A quick overview
- A native app is a smartphone application developed specifically for a mobile operating system.
- Hybrid applications are, at core, websites packaged into a native wrapper.
- Uses UI of OS
- Access to device hardware/software
- Better user experience
- Best security
- Best performance
- Offline mode
- One code base, multiple platforms
- Access to device hardware/software through plugins
What to choose?
If a company can wait six months or more before the app is launched, a native approach makes the most sense. Native applications have the best performance, highest security, and best user experience.
However, if the desired time to market is less than six months, then hybrid could be a better alternative because the app can be built in one source code, can be released across platforms, and development time and effort is considerably less as compared to that of native applications.
Overall, the performance of the app as well as the user experience vary significantly based on the development framework chosen, with the native app approach being the uncontested winner in both cases.
A native app is faster and more reliable by its very design. As users navigate a native mobile app, the contents, structure, and visual elements are already on their phone, available for instant loading, and thereby providing a seamless experience.
In contrast, a hybrid app has only a wrapper that is downloaded to the user’s phone (which may or may not contain all the navigational elements) with most of the data being loaded from the server. In this case, there are two key issues that may have an impact on the overall performance of the app: the number of server requests (i.e., how many people are making calls to the same server at the same time), and the load balance requests (are the requests coming from mobile devices pinging the same servers as desktop/laptop clients, or do they have designated servers).
With a hybrid application, unless a company adds a completely new feature that dramatically changes the user experience, the user doesn’t need to update the app in the app store. If the update in question is on a page that is loaded from the server, as the user navigates through your app they will instantly see the update. It’s that simple.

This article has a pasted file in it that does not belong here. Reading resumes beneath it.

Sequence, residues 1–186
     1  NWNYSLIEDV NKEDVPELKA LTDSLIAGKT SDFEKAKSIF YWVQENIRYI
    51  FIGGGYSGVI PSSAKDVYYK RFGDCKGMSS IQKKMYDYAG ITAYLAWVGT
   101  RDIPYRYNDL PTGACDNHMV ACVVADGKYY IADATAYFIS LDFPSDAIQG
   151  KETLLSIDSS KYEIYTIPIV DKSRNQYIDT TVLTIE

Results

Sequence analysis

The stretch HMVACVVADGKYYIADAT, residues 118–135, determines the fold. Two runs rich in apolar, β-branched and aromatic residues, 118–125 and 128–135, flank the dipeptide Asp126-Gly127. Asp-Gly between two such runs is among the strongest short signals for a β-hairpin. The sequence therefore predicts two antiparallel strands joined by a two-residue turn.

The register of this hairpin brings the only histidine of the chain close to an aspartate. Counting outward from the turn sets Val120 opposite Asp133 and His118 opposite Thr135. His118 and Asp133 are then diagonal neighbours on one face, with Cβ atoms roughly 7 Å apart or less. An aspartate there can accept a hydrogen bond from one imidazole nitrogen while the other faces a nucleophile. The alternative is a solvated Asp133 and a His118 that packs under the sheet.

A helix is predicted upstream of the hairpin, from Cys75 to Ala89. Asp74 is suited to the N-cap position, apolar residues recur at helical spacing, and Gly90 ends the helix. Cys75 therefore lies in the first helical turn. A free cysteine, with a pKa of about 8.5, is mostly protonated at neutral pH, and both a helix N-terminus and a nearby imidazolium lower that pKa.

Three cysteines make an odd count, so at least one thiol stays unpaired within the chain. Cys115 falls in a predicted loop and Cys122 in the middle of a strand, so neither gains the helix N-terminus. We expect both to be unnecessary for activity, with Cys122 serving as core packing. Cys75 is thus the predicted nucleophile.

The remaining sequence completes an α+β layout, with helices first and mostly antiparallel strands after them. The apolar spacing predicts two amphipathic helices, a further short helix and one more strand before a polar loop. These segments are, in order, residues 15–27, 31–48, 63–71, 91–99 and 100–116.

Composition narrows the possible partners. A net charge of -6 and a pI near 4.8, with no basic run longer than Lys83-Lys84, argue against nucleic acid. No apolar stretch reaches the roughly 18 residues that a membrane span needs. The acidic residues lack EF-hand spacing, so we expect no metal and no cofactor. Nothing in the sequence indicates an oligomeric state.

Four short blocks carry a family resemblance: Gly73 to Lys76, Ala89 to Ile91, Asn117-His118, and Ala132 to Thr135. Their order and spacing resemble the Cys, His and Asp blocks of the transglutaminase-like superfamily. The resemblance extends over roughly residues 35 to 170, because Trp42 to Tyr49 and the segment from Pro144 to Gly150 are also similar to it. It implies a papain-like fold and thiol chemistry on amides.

In contrast, for native applications the user needs to update the app to see the changes. For most users who set up auto-updates when their phones are on wi-fi this is acceptable, but it doesn’t work for everyone. Nobody wants to exasperate their user by having him/her update the app every month or so. It attracts unnecessary negative attention to the app which could cause the user to simply uninstall it.
There are clear and distinct advantages and disadvantages for both hybrid and native approaches, and that is why this discussion is still relevant. Speed to market, one source code, cross-compatible web technologies, easy updates, availability of resources, and lower (initial!) budget costs make hybrid applications very appealing. In the long run, the biggest detraction of hybrid apps is that a company will likely spend more time fixing and tweaking the app because of user complaints about UI elements or performance driven issues.
Additionally, native apps have the added advantage of functions that are specific to the OS on which the app is built (e.g., camera, GPS, address book, etcetera). Furthermore, a native approach offers the best in class security for a mobile application, the best performance, a highly responsive user interface, and access to all native APIs. In other words, the original investment may be higher but a company will save time and money in the long run while offering a great user experience and an industry standard app performance.
Each approach has its pros and cons but at the end of the day a native approach will have the biggest benefits for a company’s bottom line.